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HS-BAN: A Benchmark Dataset of Social Media Comments for Hate Speech Detection in Bangla

In this paper, we present HS-BAN, a binary class hate speech (HS) dataset in Bangla language consisting of more than 50,000 labeled comments, including 40.17 and detailed annotation guideline was followed to reduce human annotation bias. The HS dataset was also preprocessed linguistically to extract different types of slang currently people write using symbols, acronyms, or alternative spellings. These slang words were further categorized into traditional and non-traditional slang lists and included in the results of this paper. We explored traditional linguistic features and neural network-based methods to develop a benchmark system for hate speech detection for the Bangla language. Our experimental results show that existing word embedding models trained with informal texts perform better than those trained with formal text. Our benchmark shows that a Bi-LSTM model on top of the FastText informal word embedding achieved 86.78 public use.

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1 Introduction

Hate speech (HS) has been rapidly spreading in recent years through various social media sites. HS detection in the user’s comment section remains a difficult challenge due to lack of formal language syntax, spelling mistakes, and use of various slang and non-standard acronyms.[nobata2016abusive]. Researchers have started working in this very challenging domain, but much of their efforts concentrated on English language[schmidt2017survey]. There are almost 46 million Facebook111https://www.statista.com/statistics/268136/top-15-countries-based-on-number-of-facebook-users/ and 29 million Youtube222https://www.statista.com/forecasts/1146236/youtube-users-in-bangladesh Bangladeshi users but there has been a severe lack of large, linguistically diverse Bangla HS datasets.

Existing datasets for Bangla HS have some significant drawbacks. First, as Table A.1 of Appendix A shows, the datasets are not large enough. Most of them contain less than 10k sentences. Secondly, the majority portions of those datasets come from one or two domains, which makes them domain-dependent [Ishmam2019_FB_pages], [Emon2019] and [Chakraborty_2019]. Thirdly, annotating HS is inherently a complex and challenging task[nobata2016abusive]. [waseem2016you] showed how annotator’s bias on HS can influence the annotation process and subsequently affect classification task. To combat this, [de2018hate] created a stringent and detailed annotation guideline, providing specific points on what constitutes HS and what not. Although [romim2021hate] followed a guideline to prepare a small Bangla HS dataset, it lacks inter-annotator scores, which makes it difficult to judge annotation quality. To the best of our knowledge, only [karim2020deephateexplainer] mentioned Cohen’s kappa score in their paper.

In this paper, we manifest HS-BAN, the largest binary class Bangla HS dataset comprised of more than 50,000 comments crawled from Facebook and YouTube. We present a few examples from the dataset in Table 1. To ensure cross-domain generalization, we collected comments from seven categories as presented in Section 2. A strict annotation guideline was followed to reduce human annotation bias for labeling the dataset achieving an inter-annotator agreement score of 0.658. In Section 3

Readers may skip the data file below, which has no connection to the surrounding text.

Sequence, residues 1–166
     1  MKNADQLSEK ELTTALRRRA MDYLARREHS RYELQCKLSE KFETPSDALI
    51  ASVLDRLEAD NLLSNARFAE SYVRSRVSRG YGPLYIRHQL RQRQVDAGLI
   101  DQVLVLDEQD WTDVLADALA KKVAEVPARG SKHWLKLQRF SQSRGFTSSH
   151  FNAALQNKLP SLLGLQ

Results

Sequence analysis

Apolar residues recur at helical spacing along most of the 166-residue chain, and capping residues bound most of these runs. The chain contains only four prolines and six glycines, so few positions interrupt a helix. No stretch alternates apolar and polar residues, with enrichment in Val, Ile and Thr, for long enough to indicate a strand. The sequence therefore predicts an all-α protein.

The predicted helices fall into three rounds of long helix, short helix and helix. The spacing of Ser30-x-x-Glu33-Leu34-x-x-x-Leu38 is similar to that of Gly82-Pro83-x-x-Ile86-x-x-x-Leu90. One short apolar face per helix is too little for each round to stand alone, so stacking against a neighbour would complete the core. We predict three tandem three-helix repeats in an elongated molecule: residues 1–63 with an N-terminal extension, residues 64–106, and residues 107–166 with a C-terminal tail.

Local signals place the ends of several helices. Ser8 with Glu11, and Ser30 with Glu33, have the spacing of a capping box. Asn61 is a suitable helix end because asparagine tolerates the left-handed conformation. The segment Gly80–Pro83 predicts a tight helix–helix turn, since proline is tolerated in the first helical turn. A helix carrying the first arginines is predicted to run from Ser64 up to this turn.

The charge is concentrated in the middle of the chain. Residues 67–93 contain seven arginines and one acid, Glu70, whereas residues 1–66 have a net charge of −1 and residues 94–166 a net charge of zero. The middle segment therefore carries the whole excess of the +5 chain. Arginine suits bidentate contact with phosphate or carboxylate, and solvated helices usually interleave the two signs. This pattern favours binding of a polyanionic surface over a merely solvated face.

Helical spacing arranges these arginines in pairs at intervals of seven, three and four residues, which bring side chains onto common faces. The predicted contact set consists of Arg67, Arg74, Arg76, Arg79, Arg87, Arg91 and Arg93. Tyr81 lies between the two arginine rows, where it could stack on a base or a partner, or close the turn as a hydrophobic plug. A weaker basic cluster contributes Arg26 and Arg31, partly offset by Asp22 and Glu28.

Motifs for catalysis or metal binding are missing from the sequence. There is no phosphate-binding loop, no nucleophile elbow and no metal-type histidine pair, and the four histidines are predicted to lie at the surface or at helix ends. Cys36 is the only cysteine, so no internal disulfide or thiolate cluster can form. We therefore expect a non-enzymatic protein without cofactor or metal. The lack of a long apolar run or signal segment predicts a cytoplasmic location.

, we present the different natural language processing approaches we used to extract linguistic features by processing noisy social media text. Finally, in

Section 4, we present the benchmarking outcome for hate speech classification showing that a Bi-LSTM model on top of the FastText informal word embedding achieved 86.78% F1-score. The dataset and source code will be made publicly available to foster future research.

2 Dataset

Table 1: Examples of the annotate HS-BAN dataset

Data Collection:

We collected more than 100,000 comments from different YouTube channels and Facebook pages in seven categories: sports, entertainment, crime, politics, religion, celebrity, and miscellaneous. For each category except miscellaneous

, we compiled a list of controversial events that happened recently (2017-2020) in Bangladesh that falls under those categories. Then public comments were extracted on those issues by using an open-source tool called Facepager

333https://github.com/strohne/Facepager. Furthermore, for the miscellaneous category, we searched for videos on YouTube related to Bangla TikTok, roasting, or similar videos as the comment section in these videos tend to be very toxic. We removed duplicate, highly similar comments based on Jaccard Index > 0.8 to reduce repetitiveness and ensure a diverse vocabulary.

Annotation:

We prepared a detailed annotation guideline based on the community guidelines of Facebook and YouTube (Appendix B). We worked with 50 annotators who are undergraduate students within the age range from 20 to 25 years. They know about the sensitive nature of the task and they willingly volunteered in this research. Three annotators tagged each comment, and the majority vote decided the final decision. The inter-annotator agreement score [fleiss1971measuring] of 0.658 indicates that our dataset has moderate agreement among annotators.

Dataset Statistics: